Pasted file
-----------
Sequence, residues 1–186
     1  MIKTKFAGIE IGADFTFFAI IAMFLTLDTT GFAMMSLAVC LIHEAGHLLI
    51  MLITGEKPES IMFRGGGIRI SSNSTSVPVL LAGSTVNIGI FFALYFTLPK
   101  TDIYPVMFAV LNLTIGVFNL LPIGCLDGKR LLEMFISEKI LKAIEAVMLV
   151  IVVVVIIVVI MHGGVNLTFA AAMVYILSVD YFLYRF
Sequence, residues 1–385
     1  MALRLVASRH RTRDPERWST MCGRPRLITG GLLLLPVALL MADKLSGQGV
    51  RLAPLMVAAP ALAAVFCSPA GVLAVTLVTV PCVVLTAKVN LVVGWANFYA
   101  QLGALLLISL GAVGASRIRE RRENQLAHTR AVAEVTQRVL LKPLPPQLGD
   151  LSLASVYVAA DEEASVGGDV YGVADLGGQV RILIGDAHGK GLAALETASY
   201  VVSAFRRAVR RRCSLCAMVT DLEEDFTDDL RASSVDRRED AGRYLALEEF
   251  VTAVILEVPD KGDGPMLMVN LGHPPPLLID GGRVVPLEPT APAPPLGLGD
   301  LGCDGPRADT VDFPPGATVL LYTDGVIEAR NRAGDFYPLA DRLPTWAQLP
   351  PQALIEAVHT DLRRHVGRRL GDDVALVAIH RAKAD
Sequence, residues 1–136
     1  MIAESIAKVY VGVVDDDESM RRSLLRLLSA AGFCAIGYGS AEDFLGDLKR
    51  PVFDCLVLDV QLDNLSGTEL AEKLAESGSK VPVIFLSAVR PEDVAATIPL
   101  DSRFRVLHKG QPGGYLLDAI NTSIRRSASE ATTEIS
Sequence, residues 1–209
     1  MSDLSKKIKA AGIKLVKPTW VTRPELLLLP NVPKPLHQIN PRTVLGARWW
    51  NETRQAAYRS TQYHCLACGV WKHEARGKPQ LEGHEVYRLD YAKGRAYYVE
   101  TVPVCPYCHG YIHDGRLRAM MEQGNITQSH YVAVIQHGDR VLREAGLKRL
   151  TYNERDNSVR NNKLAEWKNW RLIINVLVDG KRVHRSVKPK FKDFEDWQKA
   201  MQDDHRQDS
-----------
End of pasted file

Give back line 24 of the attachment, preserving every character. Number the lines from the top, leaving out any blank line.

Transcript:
   201  MQDDHRQDS